All was fine as long as economies were expanding. The lower interest rates which Germany enjoyed were suddenly available to other countries. Cheap credit led to a surge in government and private borrowing and spending in countries like Ireland and Greece. Germany benefitted from the Euro’s exchange rate, more favourable than the old Deutschmark. Then came the international financial crisis and recession , which began in the USA and spread rapidly to the EU in 2008.

The peripheral PIGS, which had benefitted greatly from cheap money, were hit hardest (and with them the Baltics, particularly Latvia). All four eventually required bailouts, though for different reasons. In Ireland a property bubble collapsed in 2008, ending a boom period during which the revenues the bubble generated had paid for tax cuts and generous increases in welfare benefits. The banks which had financed the boom collapsed and required state recapitalisation. The consequential yawning budget deficit precipitated a downward fiscal and economic spiral which ended when Ireland could no longer borrow money internationally. In November 2010 Ireland secured an €85 billion rescue package from the EU, the ECB and the IMF (the Troika).

The package required spending cuts and tax increases to restore the tax base, but, once adhered to, the harsh medicine worked and Ireland exited the Troika programme after three years. While a legacy of austerity remains, and the recovery is far from complete, the Irish economy has picked up dramatically over the past eighteen months, with all indicators positive. Another PIG, Portugal, has also exited its Troika programme.

Greece was different. Its economy, which grew strongly before 2007, was heavily dependent on tourism and shipping – industries sensitive to economic downturn. Economic growth and the cheap credit available from Europe saw government expenditure grow sharply during the decade, outstripping tax revenue, the money financing public sector jobs, welfare benefits, pensions and military expenditure,. Tax evasion, traditionally a scourge – put simply the well-off didn’t pay tax, and much of the economy was cash based – remained chronic. The National Debt, historically high, mounted, pushing, then exceeding 100% of GDP. Official statistics, always doubtful, were massaged to cover. Government revenue actually fell by 15% in 2009. Borrowing costs rose.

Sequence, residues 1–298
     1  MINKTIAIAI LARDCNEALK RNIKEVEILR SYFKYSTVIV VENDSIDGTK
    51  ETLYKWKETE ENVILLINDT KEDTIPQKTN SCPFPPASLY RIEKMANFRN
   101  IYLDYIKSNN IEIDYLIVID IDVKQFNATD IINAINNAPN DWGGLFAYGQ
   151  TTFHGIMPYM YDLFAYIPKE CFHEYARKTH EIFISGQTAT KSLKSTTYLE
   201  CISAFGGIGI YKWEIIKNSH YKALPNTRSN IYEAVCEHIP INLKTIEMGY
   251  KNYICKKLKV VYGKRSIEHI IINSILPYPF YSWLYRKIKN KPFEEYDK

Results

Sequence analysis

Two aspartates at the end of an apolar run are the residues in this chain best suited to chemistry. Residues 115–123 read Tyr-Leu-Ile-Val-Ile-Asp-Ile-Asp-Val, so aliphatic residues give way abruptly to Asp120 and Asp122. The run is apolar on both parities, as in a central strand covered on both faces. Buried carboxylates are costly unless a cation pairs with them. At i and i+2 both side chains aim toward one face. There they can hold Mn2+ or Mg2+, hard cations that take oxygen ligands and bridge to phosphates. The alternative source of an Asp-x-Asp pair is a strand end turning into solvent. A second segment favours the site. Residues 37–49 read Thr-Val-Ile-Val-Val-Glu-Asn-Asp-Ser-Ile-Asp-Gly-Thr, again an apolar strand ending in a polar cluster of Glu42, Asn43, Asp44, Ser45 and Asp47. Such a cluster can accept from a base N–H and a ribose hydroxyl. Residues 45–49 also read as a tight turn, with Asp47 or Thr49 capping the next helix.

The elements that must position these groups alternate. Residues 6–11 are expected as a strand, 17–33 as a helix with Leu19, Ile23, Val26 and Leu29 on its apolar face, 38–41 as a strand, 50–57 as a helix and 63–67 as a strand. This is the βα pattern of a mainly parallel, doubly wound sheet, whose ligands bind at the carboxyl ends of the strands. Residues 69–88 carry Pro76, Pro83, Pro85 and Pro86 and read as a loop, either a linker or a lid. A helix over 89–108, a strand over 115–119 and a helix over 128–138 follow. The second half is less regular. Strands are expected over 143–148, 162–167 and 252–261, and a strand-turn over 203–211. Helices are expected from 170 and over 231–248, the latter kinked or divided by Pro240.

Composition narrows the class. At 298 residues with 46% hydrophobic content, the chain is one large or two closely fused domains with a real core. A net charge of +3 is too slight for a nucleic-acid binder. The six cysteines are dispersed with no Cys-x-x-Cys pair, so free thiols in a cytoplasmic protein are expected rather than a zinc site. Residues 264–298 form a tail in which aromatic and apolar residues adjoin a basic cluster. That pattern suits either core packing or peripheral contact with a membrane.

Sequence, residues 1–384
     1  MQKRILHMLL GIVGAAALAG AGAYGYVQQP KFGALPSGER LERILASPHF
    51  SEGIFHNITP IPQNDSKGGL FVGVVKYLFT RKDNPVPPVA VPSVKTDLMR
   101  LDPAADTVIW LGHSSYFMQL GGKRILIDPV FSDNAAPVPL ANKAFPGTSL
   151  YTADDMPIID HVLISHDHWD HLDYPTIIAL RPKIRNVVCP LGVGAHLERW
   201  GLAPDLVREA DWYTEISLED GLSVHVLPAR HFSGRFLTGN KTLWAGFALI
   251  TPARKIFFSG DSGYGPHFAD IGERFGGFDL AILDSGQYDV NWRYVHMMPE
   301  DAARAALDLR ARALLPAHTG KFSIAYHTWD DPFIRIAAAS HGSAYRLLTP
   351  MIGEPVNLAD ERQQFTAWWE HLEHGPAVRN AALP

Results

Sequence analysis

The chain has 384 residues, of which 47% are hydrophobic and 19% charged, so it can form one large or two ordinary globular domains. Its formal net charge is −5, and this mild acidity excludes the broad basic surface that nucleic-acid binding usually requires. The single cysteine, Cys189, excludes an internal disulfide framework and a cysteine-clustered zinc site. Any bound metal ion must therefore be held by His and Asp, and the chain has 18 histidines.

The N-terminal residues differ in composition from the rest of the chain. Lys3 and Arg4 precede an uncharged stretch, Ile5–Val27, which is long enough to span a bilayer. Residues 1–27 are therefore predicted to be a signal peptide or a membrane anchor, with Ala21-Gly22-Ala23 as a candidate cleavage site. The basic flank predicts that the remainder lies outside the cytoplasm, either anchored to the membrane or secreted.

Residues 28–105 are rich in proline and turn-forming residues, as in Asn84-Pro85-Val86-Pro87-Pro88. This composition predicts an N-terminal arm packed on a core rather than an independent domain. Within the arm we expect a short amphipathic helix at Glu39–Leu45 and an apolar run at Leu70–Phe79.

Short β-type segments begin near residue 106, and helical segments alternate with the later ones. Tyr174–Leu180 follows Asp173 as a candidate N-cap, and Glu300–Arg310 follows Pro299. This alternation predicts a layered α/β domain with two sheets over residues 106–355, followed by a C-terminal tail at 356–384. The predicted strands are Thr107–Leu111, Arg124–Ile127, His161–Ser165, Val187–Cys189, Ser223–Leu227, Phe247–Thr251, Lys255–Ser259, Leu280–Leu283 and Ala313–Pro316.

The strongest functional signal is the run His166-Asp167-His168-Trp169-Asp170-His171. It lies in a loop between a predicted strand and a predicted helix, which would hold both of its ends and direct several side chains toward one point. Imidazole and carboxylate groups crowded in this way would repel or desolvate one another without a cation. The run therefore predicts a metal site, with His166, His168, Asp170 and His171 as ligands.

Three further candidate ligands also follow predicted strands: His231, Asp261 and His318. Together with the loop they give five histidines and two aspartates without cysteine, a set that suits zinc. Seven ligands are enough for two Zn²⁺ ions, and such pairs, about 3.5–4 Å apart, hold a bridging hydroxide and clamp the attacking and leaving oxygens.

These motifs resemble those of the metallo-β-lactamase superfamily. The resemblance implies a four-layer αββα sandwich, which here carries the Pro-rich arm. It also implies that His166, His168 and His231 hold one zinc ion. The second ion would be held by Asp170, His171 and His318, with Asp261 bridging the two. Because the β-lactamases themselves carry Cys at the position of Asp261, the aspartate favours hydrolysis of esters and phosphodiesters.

Revelations that the previous government had falsified the figures, disguising the true extent of annual borrowing, proved the final straw for international lenders. The vital factor of investor confidence was lost. The Greek government , like Ireland’s later, proved unable to borrow internationally and, in April 2010, was forced to seek EU and IMF assistance. A loan of €110 billion was agreed, contingent on the introduction of severe austerity measures. These were greeted with widespread street protests throughout Greece, including several fatalities, with banners and slogans proclaiming the Greeks were not like the Irish.

A year later delays in implementing reforms, together with a worsening recession, saw the Troika agree to an easing of the bailout terms. Nothing worked and in March 2012, a second bailout, this time of €130 billion, was agreed, contingent on further austerity measures. The bailout was accompanied by the largest sovereign debt restructuring in history with Greece’s debts reduced by €100 billion. Private bondholders were “burned” – losing over 50% of their holdings. More street protests followed.

Since then there has been political and social turmoil over the further austerity measures needed to ensure tranches of the second bailout were paid. This culminated in the government’s overthrow last January and its replacement by the far left Syriza government with a mandate to reject austerity and the second bailout. Ironically, Syriza’s success came just as the Greek economy seemed to be turning the corner. Since January Syriza has postured and refused to engage in serious negotiations even as Greece’s economy worsened. Its intransigence has exasperated and alienated its Eurozone partners. Trust and sympathy has been lost. Eventually as the money ran out, Syriza ran out of wiggle room and, at the last moment, folded when its bluff was called.

Some may feel schadenfreude at Syriza’s come-uppance. A cynic might observe that only a party as left wing as Syriza can now deliver Greece. But without sorting out or side-lining somehow the debt mess there will be no definitive solution. Hard pounding, Gentlemen.